Asia shares fall as global energy crunch fuels inflation worries

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HONG KONG (Businesshala) – Asian shares fell and the safe-haven dollar strengthened on Tuesday, as the global energy crisis fueled inflation fears, dampening investor sentiment ahead of US corporate earnings season.

FILE PHOTO: A man wearing a protective mask, amid the COVID-19 outbreak, is seen on an electronic board displaying stock prices outside a brokerage in Tokyo, Japan, September 21, 2021. Businesshala / Kim Kyung-hoon

MSCI’s broadest index of Asia-Pacific shares outside Japan was down 0.9% in early trade, as US stocks ended the previous session with light losses. US stock futures, the S&P 500 E-Minis, fell 0.43%.

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Australian shares slipped 0.29% while Japan’s Nikkei stock index fell 1.03%.

China’s blue-chip CSI300 index was down 0.75%, while Hong Kong’s Hang Seng index opened down 1.35%.

“The risk markets had a mixed start to the week ahead of the light data flow and US earnings season,” analysts at ANZ said in a note.

“The economy is entering a more challenging phase of the cycle and we expect investors and corporates to monitor how economic data and earnings results fall before assessing near-term direction.”

Also weighing on investor sentiment, Businesshala reported that some offshore bondholders in China Evergrande Group have not received interest payments by Monday’s deadline. Rivals Modern Land and Cynic became the latest developers scrambling to delay bond payment deadlines.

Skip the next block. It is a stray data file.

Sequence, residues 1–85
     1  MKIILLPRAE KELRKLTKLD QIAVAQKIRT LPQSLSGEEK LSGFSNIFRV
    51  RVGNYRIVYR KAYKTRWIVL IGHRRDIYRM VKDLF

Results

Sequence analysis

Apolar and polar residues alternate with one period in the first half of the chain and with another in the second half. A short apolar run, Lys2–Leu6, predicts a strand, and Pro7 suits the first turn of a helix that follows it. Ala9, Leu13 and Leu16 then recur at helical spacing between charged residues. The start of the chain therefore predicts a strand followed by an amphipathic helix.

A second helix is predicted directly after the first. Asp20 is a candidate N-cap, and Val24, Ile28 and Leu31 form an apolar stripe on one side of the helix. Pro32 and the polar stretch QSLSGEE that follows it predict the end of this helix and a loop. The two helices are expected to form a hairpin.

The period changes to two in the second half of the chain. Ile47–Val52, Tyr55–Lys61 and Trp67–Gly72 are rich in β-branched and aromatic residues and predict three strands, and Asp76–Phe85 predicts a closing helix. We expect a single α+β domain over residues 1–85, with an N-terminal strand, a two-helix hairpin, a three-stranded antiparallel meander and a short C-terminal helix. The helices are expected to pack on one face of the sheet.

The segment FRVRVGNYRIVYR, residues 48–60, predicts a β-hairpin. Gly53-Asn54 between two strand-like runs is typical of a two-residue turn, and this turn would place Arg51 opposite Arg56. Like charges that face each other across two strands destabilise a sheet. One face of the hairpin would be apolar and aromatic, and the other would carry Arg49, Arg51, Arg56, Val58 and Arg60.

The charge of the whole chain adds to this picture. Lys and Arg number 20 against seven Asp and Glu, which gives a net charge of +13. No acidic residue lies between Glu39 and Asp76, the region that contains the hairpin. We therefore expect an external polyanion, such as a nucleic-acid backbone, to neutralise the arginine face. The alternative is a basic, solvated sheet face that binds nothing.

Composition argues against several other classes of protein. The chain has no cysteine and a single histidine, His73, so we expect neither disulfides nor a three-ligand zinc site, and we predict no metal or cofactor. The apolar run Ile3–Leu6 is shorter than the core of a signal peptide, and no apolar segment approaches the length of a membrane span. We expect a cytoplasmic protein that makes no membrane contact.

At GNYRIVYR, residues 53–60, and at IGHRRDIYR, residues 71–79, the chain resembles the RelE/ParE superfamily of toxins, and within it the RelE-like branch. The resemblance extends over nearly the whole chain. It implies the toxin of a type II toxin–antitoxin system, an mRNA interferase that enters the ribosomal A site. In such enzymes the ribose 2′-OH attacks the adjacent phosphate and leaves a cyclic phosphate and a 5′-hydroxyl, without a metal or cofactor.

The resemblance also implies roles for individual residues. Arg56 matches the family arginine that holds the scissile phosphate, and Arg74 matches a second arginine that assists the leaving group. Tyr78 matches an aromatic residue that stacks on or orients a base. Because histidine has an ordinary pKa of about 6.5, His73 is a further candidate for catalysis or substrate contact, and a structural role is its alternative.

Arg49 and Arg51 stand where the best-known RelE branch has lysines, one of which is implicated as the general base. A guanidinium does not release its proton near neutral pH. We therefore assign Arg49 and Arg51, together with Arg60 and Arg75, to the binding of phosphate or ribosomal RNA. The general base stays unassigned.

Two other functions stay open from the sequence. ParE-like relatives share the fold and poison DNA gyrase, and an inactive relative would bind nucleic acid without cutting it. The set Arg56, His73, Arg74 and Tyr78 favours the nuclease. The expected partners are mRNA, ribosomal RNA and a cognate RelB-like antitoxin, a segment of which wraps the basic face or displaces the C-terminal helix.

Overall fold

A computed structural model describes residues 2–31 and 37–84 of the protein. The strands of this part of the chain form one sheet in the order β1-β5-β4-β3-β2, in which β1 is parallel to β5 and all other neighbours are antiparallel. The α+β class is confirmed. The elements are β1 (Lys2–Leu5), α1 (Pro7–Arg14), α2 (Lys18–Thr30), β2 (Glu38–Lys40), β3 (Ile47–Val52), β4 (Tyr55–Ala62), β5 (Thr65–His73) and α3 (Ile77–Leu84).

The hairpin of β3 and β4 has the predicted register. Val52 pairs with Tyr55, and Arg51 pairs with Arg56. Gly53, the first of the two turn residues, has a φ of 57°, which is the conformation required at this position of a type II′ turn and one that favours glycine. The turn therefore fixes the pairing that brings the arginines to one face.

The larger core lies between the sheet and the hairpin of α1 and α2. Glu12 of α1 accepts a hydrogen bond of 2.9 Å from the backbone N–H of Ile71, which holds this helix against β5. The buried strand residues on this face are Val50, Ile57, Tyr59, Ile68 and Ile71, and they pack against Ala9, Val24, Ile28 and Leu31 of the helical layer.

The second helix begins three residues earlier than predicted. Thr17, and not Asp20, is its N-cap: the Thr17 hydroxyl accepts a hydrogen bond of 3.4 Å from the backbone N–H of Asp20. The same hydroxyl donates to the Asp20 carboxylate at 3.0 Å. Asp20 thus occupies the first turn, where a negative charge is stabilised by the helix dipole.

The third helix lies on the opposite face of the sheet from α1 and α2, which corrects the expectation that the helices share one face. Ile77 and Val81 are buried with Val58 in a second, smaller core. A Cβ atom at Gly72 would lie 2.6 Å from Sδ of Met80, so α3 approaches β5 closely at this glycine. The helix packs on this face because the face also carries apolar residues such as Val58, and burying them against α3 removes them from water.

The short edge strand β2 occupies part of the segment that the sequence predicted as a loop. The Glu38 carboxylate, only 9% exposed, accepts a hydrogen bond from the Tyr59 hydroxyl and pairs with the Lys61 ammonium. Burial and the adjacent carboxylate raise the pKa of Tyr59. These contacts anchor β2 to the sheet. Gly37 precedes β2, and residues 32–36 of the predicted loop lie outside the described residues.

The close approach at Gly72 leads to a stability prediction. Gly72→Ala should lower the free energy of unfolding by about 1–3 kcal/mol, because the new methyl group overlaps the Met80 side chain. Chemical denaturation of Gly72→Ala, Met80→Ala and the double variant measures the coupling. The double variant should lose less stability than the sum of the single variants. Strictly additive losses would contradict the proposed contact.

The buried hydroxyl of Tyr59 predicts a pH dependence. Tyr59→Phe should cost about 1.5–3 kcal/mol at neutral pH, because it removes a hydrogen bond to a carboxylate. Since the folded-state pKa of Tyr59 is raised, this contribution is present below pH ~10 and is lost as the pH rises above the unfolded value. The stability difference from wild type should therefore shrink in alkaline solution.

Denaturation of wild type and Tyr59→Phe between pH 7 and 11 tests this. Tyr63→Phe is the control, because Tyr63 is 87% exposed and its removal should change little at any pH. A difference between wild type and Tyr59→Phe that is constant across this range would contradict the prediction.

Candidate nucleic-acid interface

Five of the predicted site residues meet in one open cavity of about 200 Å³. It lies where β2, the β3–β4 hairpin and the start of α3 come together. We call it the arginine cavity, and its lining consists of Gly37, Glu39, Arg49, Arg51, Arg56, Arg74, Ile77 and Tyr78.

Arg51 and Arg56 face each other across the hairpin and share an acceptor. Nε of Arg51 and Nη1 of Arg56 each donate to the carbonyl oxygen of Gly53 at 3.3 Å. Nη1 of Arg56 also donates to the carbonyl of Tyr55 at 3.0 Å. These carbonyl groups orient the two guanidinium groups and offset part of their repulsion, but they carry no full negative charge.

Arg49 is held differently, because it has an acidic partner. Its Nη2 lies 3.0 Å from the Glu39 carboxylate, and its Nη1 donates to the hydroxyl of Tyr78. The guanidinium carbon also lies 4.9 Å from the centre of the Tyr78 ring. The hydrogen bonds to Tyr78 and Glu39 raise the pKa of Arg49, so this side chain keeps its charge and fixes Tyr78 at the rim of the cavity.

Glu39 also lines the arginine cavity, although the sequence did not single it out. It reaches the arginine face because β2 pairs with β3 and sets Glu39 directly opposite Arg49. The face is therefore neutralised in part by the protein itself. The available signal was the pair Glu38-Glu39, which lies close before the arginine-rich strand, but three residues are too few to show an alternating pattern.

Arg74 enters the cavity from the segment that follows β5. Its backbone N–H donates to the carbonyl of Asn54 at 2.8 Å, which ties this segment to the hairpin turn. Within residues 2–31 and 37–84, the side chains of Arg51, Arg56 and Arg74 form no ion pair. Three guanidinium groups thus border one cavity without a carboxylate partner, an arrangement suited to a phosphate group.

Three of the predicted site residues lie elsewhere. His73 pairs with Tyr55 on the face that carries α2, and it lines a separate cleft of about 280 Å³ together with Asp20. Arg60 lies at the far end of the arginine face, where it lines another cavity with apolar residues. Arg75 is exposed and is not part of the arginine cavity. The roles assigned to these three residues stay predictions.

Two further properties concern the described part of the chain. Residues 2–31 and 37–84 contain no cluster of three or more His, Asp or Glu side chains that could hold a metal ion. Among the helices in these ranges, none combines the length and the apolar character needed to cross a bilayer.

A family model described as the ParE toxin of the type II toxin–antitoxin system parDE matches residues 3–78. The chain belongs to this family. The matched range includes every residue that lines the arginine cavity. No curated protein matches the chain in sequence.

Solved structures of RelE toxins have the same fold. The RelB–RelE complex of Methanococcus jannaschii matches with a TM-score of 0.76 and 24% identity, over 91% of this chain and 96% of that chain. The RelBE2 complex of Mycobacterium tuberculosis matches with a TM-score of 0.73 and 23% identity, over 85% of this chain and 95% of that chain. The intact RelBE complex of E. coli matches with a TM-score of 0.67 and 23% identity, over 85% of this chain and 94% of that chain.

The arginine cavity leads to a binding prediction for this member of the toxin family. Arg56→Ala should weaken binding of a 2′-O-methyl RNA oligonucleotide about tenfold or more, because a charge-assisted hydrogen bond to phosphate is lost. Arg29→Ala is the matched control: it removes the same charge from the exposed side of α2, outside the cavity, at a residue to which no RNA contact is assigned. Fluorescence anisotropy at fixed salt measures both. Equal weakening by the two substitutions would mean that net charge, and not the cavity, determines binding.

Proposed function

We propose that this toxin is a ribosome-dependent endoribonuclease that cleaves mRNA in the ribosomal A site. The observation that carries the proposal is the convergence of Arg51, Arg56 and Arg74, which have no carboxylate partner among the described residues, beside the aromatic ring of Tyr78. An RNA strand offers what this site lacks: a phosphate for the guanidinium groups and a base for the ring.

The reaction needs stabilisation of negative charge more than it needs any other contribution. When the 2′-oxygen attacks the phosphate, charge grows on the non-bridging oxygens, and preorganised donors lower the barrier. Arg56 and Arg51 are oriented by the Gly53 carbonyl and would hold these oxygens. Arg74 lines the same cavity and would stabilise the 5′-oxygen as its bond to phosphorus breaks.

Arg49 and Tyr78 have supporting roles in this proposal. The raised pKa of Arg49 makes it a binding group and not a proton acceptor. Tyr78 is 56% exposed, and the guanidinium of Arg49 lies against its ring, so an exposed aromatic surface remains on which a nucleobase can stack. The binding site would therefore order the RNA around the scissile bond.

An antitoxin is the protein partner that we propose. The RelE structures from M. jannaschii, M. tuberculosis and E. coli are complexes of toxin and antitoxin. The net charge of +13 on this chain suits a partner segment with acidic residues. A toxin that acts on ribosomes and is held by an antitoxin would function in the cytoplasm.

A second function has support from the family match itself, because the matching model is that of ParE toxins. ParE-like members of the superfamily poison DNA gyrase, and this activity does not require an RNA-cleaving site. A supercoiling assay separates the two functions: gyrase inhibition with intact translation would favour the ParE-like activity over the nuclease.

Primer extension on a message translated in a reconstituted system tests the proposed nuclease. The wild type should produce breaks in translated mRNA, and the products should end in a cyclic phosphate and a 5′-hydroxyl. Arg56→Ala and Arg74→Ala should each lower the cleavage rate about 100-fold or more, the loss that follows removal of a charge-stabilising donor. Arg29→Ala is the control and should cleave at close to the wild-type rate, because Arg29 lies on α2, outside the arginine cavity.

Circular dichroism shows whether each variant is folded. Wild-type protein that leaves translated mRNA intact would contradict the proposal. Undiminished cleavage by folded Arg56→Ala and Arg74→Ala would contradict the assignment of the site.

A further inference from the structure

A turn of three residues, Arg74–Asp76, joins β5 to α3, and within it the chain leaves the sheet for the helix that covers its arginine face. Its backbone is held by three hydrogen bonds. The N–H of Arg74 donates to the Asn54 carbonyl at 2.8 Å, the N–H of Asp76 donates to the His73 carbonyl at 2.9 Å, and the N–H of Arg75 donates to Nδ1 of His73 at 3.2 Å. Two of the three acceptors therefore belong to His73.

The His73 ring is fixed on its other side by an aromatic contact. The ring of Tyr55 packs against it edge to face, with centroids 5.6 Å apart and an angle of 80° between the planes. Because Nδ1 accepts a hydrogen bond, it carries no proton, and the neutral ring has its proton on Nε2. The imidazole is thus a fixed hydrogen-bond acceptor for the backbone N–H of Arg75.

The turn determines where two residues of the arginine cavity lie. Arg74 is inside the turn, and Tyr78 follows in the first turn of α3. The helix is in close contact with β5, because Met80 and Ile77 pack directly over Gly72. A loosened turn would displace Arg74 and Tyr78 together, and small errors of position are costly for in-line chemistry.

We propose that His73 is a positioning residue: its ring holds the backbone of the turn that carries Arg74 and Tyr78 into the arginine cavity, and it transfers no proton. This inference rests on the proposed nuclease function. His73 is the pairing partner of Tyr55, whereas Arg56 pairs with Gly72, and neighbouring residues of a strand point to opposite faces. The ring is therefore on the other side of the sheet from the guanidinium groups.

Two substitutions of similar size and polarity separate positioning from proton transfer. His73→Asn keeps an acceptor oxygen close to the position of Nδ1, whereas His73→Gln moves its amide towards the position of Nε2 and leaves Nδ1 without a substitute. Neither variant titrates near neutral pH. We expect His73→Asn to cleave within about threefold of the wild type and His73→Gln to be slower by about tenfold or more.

Evergrande’s debt problems and transition concerns have sent shock waves across global markets in recent months and the firm has already missed payments on dollar bonds, a combined 131 due on September 23 and 29. million dollars in value.

Wall Street’s main indices ended a choppy session on Monday as investors panicked ahead of the third-quarter earnings reporting season.

A rally in basic materials and energy stocks on higher oil prices initially lifted major US stock indices. But gains faded amid concerns about earnings with JPMorgan Chase & Co.’s results on Wednesday.

Some analysts expect companies to report slower growth due to supply-chain disruptions and rising prices. He warned that this could lead to a fall in US stocks.

Shares of JPMorgan were down 2.1% and were among the biggest drags on the S&P 500, falling 0.69% to 4,361.19.

The Dow Jones Industrial Average fell 0.72% to 34,496.06, while the Nasdaq Composite fell 0.64% to 14,486.20.

After last week’s US data showed weaker-than-expected job growth in September, the focus is now on inflation and retail sales data this week. Investors also expect the Federal Reserve to begin tightening policy next month by announcing a tapering of its massive bond-buying.

Accelerating inflation and the prospect of a tighter monetary policy boosted bond yields.

The yield on the benchmark 10-year yield rose to 1.6136% after a strong gain on Monday. The two-year yield rose to 0.3517%, close to the US’s 0.318%.

The dollar index, which tracks the greenback against a basket of currencies from other major trading partners, was at 94.423.

Gold, generally seen as a hedge against inflation, was slightly undervalued. Spot gold was trading at $ 1753.55 an ounce. [GOL/]

Oil prices, which had jumped on Monday due to lackluster demand and supply cuts, fell 0.36% to $80.23 a barrel with US crude. Brent crude fell to $ 83.39 a barrel.

Reporting by Julie Zhu; Editing by Ana Nicolasi da Costa


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